In this system control is regulated in accordance with the measured fuel and air flows. This maintains combustion efficiency over a wide load ranges & over long period of time.

In metering controll,the combustion is regulated in accodance with measured airflow and fuelflows.Metered flow serves as the feedback signal to the controllers to ensure that flow corresponds to demand.
This method helps compensate for the effects of boiler slagging,barometric conditions and changes in fuel quality on boiler perfomance.It also maintains combustion efficiency over wide load ranges and over long periods.

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Feedwater control is the regulation of water to the boiler drum. It provide a mass accounting system for steam leading and feedwater entering the boiler. The water is admitted to the steam drum and after absorbing the heat from furnace generates the steam produced by the boiler.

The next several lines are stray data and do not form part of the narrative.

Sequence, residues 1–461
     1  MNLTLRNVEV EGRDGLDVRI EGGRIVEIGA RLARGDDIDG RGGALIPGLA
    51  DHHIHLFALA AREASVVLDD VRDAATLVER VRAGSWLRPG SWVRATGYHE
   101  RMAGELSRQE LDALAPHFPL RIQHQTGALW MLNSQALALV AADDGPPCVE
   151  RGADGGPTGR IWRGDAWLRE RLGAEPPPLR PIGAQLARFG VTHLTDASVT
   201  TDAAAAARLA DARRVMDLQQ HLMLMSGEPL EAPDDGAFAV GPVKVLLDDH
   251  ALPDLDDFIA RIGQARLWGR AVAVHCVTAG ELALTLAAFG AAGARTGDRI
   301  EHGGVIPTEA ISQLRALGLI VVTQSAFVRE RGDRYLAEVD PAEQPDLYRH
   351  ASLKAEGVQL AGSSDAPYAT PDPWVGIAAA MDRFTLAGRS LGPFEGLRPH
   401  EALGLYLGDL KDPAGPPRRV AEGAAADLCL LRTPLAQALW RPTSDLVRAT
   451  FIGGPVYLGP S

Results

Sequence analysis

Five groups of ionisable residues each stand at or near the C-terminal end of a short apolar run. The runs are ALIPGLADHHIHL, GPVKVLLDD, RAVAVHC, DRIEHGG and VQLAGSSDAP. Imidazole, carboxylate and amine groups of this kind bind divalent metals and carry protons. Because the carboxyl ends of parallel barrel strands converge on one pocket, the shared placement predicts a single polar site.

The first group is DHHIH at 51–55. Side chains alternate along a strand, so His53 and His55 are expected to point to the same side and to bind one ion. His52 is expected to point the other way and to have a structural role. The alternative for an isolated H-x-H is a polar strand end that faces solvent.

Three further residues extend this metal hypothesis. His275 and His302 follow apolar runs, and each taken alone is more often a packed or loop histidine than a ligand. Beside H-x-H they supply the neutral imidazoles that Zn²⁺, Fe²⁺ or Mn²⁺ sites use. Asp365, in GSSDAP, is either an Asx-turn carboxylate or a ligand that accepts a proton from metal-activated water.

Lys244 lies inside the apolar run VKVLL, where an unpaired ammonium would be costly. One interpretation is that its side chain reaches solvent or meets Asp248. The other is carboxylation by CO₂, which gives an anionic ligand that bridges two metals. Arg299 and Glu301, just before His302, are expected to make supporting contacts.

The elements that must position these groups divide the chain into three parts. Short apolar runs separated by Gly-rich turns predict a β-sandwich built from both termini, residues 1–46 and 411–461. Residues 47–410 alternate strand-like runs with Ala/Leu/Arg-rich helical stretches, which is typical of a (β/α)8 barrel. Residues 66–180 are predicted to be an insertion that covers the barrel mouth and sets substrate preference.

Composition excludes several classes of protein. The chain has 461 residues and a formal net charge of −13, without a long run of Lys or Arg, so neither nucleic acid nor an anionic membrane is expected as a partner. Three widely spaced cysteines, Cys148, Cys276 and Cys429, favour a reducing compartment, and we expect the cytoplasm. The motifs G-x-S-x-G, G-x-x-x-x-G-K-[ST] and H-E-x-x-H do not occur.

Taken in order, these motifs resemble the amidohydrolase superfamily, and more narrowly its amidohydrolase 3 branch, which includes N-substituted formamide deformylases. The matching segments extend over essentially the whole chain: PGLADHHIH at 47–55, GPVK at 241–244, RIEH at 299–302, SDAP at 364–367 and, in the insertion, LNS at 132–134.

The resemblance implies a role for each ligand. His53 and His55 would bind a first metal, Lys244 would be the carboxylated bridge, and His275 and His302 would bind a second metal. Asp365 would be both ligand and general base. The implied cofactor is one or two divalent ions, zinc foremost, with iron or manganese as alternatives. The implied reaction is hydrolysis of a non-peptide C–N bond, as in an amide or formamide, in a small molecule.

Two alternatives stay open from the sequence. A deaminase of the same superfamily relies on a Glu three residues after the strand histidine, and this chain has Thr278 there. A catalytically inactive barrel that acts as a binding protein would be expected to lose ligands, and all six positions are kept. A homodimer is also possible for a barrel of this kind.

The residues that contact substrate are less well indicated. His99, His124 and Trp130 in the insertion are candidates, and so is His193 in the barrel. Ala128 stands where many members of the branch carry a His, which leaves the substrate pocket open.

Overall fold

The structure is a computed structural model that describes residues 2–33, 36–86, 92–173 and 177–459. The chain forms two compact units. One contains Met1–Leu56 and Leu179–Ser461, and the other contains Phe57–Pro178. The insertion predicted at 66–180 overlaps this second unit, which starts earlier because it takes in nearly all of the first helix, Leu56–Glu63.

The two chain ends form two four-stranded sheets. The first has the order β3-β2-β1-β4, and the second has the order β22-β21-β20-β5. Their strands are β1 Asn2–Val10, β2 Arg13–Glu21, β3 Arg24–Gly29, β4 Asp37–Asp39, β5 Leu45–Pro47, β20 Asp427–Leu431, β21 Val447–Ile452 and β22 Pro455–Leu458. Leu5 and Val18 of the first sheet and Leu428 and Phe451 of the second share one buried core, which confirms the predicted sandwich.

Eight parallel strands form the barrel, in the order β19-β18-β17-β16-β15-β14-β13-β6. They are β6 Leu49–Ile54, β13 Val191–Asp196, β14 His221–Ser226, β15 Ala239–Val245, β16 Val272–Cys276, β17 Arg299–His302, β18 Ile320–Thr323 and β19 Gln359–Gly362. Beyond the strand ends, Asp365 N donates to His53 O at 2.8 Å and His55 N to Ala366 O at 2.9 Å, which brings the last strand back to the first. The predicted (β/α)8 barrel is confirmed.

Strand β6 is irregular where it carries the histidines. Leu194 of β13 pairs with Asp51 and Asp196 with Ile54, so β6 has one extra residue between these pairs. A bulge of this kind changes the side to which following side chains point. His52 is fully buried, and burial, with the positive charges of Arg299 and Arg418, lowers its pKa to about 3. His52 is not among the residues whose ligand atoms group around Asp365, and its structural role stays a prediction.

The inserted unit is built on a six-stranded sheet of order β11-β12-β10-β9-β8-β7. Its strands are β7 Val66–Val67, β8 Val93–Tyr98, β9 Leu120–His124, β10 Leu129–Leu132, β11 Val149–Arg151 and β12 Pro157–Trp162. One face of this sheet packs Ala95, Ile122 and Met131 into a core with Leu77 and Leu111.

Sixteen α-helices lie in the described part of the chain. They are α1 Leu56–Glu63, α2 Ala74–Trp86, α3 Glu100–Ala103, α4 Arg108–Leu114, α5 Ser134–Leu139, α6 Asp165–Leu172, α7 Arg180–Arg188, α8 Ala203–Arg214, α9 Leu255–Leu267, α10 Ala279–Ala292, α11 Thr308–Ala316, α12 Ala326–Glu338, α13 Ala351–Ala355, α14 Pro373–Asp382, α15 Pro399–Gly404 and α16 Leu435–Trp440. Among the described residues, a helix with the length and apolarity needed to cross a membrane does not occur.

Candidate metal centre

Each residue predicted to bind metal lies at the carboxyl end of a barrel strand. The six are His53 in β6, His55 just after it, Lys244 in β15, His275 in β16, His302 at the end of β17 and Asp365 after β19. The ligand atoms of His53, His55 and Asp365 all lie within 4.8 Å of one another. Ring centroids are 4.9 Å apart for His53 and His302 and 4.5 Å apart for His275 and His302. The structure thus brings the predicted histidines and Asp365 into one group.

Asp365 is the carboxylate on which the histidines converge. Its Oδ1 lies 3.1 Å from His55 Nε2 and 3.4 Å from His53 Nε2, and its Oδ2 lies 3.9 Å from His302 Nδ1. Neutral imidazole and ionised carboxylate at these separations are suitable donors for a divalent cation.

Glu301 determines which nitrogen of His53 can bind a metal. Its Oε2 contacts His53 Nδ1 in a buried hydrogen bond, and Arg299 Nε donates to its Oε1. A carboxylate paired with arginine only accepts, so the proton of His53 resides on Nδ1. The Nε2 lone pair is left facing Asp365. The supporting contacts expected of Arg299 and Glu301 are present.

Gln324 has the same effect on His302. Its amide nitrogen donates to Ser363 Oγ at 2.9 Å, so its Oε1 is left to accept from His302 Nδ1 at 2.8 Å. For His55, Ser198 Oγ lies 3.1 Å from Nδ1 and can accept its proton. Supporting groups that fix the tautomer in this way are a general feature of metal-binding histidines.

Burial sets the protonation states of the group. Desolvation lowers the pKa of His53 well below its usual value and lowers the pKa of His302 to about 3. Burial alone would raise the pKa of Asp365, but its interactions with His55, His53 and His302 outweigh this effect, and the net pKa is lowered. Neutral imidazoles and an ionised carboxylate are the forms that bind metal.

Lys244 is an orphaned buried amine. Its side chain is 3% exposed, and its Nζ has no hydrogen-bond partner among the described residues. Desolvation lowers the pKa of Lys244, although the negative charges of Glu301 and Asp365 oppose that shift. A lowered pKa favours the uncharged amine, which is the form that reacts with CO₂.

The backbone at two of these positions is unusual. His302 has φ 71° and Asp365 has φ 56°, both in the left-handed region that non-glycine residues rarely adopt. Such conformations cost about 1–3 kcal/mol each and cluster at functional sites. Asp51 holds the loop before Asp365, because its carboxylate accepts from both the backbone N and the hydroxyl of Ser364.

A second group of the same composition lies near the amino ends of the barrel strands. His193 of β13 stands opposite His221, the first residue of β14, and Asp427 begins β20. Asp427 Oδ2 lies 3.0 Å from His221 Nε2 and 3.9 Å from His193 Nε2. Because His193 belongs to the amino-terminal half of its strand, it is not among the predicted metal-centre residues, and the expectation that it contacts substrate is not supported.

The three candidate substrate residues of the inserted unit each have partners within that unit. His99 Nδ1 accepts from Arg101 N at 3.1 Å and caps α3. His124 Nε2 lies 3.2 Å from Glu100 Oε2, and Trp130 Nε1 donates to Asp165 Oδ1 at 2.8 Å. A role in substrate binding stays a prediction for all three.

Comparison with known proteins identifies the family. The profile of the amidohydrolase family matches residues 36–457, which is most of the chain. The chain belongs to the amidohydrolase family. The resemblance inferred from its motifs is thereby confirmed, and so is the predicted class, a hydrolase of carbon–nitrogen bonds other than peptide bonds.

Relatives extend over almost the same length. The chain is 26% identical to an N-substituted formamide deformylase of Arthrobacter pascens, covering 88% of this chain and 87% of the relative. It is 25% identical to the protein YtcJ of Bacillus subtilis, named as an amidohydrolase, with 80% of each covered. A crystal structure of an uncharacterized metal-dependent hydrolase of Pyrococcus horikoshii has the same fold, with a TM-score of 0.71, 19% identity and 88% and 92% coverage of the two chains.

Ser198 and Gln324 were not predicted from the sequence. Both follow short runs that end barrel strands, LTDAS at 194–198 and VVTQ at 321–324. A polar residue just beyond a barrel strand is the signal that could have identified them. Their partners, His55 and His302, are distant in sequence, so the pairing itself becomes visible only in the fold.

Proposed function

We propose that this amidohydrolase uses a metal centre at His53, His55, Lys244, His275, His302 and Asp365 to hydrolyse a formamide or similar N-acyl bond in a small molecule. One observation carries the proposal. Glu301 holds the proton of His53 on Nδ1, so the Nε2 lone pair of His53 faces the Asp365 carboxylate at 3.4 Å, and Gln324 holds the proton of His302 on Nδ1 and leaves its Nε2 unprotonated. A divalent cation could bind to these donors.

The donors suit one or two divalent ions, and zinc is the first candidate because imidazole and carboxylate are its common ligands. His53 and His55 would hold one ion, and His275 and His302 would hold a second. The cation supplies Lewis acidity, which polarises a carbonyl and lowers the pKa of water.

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Proper boiler operation requires that the level of water in the steam drum should be maintained within certain band. A decrease in this level may uncover boiler tubes, allowing them to become overheated. An increase in the level of water may interfere with the internal operation of internal devices in the boiler drum. It is important to made that the water level in the boiler drum must be above 50% all the time. The water level in the boiler drum is related to, but is not a direct indicator of , the quantity of water in the drum. At each boiler load, there is different volume in the water that is occupied by steam bubbles. So if load is increased there are more steam bubbles and this cause water to swell or rise, rather than fall because of added water usage.

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(1) Single element control system